SALEM — This old city, some say, is locked in an eternal wrestling match with itself. Is this the historic seaport of art and culture, or the "Witch City" of psychics and ghost tours?
The Park and Recreation Commission ventured into that quicksand this week when it denied a request by a group of paranormal investigators from Rhode Island to search for ghosts in the Witch House, the former home of Jonathan Corwin, an infamous judge during the Witch Trials of 1692.
In essence, a majority of the board — only three of the five members were present — said it would be in bad taste to allow ghost hunters to go inside an historic, 17th-century house that is tied to such an important and tragic event.
"We have to have respect for the gravity of the injustice that occurred in 1692," member Chris Burke said.
After the rejection, Spirit Finders Paranormal Investigators said they were "severely disappointed."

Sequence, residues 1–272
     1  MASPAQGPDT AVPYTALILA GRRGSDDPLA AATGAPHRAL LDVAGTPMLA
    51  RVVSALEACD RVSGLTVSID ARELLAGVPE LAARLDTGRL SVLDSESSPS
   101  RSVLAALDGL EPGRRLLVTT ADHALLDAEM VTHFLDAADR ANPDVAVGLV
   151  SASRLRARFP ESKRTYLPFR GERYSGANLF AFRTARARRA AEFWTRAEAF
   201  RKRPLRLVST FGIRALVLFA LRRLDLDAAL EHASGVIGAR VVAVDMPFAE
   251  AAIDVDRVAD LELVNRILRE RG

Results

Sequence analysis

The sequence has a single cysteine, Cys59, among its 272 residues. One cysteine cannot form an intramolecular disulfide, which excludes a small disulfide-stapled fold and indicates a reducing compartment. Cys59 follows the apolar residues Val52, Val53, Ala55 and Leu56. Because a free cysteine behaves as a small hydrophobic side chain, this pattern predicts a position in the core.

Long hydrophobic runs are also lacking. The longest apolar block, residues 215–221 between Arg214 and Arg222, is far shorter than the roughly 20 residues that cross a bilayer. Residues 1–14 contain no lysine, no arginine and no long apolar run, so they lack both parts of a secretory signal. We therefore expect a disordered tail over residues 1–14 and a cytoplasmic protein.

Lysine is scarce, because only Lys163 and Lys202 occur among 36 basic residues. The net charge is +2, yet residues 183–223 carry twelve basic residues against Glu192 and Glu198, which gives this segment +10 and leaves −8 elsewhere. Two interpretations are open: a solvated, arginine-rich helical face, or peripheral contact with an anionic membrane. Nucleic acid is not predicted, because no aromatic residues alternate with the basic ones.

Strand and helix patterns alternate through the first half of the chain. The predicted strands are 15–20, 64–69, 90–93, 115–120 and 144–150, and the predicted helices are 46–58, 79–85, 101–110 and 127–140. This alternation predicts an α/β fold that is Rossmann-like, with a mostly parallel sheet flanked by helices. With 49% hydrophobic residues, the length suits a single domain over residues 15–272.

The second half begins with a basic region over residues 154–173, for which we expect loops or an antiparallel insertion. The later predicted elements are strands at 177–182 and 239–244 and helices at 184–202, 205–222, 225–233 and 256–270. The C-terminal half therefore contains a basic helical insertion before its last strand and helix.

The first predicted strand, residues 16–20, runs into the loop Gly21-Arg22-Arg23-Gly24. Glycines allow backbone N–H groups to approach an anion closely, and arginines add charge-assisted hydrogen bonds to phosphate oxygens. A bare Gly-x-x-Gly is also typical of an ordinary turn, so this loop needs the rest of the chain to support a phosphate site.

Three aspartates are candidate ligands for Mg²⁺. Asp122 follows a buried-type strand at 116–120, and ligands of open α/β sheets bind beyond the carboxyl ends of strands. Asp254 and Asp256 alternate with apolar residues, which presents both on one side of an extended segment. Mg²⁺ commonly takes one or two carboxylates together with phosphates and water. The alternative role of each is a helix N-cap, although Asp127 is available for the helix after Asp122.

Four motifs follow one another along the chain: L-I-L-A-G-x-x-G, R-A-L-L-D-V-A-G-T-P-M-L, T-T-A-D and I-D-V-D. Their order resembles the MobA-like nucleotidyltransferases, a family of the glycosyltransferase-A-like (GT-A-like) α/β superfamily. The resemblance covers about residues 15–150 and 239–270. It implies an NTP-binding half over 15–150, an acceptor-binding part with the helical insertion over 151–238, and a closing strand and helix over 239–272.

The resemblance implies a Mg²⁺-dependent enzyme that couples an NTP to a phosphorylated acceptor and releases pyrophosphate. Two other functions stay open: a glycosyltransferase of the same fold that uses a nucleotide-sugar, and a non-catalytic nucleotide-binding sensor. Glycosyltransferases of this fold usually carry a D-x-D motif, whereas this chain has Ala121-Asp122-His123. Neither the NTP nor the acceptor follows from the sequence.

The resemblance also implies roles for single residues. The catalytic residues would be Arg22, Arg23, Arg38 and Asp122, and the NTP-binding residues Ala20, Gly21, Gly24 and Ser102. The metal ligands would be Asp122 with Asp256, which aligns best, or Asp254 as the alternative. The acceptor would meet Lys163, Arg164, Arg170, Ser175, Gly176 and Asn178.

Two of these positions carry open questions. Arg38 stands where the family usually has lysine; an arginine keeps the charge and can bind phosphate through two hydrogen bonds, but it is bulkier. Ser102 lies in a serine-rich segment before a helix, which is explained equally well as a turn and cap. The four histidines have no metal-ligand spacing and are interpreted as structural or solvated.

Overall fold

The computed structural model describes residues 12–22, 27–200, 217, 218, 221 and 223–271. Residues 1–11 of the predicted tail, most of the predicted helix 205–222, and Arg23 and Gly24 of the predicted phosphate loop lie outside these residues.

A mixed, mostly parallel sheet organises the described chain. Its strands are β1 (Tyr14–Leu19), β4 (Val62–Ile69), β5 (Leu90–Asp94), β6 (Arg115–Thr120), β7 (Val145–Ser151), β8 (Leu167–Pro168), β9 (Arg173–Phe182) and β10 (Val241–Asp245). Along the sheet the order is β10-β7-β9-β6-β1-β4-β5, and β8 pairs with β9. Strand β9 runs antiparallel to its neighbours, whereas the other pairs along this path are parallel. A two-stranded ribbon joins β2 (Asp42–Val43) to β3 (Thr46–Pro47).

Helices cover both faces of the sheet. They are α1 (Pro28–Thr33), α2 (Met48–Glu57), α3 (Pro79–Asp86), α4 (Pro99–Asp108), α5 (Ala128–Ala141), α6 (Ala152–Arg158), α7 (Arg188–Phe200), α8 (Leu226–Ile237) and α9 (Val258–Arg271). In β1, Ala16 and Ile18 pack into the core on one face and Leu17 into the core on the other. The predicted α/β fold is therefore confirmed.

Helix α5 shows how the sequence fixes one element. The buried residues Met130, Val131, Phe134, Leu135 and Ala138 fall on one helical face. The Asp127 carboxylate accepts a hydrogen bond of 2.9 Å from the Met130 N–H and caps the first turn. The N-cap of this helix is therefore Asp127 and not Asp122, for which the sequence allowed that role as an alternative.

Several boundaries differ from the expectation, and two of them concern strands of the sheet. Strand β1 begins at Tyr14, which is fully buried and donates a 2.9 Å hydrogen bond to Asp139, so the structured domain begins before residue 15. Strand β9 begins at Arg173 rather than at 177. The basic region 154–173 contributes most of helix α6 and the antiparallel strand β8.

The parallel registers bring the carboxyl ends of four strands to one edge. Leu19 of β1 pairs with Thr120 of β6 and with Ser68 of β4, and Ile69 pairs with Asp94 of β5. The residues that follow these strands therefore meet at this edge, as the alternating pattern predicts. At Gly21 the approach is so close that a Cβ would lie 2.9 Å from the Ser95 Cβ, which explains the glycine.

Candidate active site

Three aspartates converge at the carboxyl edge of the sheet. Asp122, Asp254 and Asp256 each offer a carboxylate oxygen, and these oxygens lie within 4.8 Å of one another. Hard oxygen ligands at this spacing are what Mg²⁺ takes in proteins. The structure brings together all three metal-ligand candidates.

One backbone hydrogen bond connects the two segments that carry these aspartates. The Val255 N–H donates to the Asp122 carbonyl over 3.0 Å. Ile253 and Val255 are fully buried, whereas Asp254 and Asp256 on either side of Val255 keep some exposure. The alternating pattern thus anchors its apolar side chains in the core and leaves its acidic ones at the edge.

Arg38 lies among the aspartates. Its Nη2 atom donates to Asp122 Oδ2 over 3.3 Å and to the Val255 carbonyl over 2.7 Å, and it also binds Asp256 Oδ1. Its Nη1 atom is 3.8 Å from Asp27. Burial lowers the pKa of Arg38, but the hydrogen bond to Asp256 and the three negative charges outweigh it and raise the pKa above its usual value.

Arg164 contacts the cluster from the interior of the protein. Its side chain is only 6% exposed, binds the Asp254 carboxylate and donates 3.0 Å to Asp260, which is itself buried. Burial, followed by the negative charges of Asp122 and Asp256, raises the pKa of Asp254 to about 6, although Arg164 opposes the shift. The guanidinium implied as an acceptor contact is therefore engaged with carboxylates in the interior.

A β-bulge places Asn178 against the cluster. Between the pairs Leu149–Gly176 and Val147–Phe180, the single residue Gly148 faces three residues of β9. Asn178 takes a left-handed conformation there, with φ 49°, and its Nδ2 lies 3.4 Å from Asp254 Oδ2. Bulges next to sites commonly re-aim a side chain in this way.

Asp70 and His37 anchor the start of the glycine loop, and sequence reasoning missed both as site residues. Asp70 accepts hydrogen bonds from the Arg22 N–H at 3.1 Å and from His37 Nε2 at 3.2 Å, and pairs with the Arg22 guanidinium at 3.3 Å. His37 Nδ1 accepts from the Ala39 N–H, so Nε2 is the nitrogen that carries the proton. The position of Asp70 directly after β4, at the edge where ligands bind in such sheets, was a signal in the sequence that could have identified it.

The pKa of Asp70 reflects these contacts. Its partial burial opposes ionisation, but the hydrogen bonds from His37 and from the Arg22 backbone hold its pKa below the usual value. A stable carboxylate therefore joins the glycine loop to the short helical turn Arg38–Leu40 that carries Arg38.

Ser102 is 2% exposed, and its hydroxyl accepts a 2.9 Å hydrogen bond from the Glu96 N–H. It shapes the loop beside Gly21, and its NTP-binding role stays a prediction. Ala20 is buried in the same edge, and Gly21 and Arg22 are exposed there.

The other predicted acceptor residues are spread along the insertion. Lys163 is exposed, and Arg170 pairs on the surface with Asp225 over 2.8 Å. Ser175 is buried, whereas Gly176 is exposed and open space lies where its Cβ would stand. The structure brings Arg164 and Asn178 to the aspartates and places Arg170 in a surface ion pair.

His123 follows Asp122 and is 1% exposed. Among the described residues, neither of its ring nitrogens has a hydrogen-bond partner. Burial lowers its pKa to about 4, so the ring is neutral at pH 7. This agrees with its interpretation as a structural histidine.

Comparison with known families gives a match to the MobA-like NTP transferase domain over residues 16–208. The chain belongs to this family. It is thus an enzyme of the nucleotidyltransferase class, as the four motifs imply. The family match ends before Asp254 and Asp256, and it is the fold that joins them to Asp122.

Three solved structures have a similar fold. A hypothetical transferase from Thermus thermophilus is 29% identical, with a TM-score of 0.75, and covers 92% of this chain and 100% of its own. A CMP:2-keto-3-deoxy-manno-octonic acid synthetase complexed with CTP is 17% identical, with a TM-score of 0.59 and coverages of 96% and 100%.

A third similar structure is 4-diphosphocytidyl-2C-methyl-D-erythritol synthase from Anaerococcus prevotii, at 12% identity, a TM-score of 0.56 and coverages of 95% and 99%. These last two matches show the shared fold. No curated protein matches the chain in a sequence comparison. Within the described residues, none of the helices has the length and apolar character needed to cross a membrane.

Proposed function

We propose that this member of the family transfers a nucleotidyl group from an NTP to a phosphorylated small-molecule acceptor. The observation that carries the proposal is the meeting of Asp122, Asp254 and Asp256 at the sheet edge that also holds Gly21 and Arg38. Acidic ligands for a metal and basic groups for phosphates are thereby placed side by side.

They asked questions that others have asked: How could a city that licenses psychics, sends its children to Witchcraft Heights School and sells official Salem blood during Halloween turn down a "scientific" investigation of one of its most historic witch properties?
Where does Salem draw the line?
In an interview after the meeting, there was even a suggestion that the city is being hypocritical for calling this 9 North St. property the "Witch House."
"Then don't call it the Witch House anymore," said Eric Fraize, the self-proclaimed "Witch King of Salem," who represented the paranormal group at the meeting. "Call it the 'Jonathan Corwin House.' You can't have it both ways. ...
"If they wanted to have respect, they'd take the witch off the police cars. ... They'd stop calling it 'The Witch City,' and Haunted Happenings would shut down."
Spirit Finders was certainly caught off guard by the board's decision.